Euro adoption
• 1990s- borrowing costs dropped • Interest rate on 10 year greek bonds were dropped by 18% (from 1993 to 1999) • Common monetary policy was to be anchored by Germany and France • EU members bound by rules to restrict deficit(3% of GDP) • Created new investor confidence in Greece • Government and trade budget ballooned in 2000

Selective feature of Greek economy underlying the crisis
• As recent as 2008, state controlled 50% of all business operations. Private sector suffered • 2000-Rising government expenditure was allocated to rising public sector wages and benefits • Pervasive state control • Large and inefficient public administration • Political clientelism • pervasive tax evasion • Influx of capital at low rate during the 2000s • Global financial crisis of 2008-09

Build up of Greece debt crisis
• Abundant access to cheap capital • Flush capital markets and increased investor confidence after adapting the Euro in 2001 • Low competitiveness • Strained public finances and falsified statistical data drove up Greece’s borrowing costs • Greece’s GDP is $ 330 billion; the debt to GDP ratio is currently 144%.

Policy response with limited success
• May 2010- major financial assistance package by EU, European Central bank and the IMF (3 year package of 110 billion euros) • July 2011- second set of crisis response measures. The new package calls for holders of Greek bonds to accept losses as well as for more austerity and financial and structural assistance. (109 billion euros) • 2011-Medium term fiscal strategy-28 billion euros thru 2015 • Privatization and public real estate development • Greece cannot depreciate its currency to spur exportled growth. Unemployment is 16%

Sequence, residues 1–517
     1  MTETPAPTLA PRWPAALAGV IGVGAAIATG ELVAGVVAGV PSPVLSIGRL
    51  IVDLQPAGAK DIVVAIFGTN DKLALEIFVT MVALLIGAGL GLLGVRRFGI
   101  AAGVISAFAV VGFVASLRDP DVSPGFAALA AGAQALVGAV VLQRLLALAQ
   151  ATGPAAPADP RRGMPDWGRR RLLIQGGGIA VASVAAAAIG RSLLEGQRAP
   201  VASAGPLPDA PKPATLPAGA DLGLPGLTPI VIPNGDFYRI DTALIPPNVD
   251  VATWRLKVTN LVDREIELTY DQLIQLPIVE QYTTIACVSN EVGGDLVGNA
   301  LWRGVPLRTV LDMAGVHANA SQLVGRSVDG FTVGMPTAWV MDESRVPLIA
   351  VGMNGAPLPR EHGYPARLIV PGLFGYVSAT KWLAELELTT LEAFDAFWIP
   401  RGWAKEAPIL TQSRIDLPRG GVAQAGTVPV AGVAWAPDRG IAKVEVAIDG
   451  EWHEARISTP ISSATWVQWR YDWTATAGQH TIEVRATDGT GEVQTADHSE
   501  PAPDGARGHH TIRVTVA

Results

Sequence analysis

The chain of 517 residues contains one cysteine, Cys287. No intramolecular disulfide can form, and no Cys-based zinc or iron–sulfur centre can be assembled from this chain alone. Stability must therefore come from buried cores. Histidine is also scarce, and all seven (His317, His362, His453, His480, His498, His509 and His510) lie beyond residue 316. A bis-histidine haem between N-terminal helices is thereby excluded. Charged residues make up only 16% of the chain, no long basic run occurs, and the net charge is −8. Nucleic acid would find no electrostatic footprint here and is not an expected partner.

Causes for Financial Crisis-Endogenous
• Widening public deficits along with decreasing competition (since EMU entry) • Increased public expenditure led to borrowing and high level of debt • Process fuelled by incoming capital flows from the EU in the form of subsidies and financing of infrastructure • Debt to GDP ratio will tend to increase because of the 110 billion rescue package by the IMF • Deterministic fiscal policy regime • Lower Greece government credibility-it misrepresented that data about its public finance in order to stay within the monetary guidelines of the Euro zone • Lack of structural reform-labor market, social security and market competition. This obliged Greece to issue short term bonds at high interest rates. • Not a business friendly country- hinder entrepreneurship and capital investment. Ease of doing business rank-109/183 in 2010 in DOING BUSINESS by World Bank.

Greece Inflation rate

Evolution of Greek public debt

Public Debt: Maturity Profile

Credit ratings of Greek bonds

Causes for Financial Crisis-Exogenous
• • • • • • Increased access to capital at low interest Legal skepticism- ‘ are bailouts legal?’ Disagreement among EU committee members Lack of solidarity funds at the EU level 2007 global subprime crisis Vulnerability of the European banks, which are major holders of Greek and other sovereign debt instruments. Greece owed to France, Germany, Ireland and Portugal. • Euro depreciated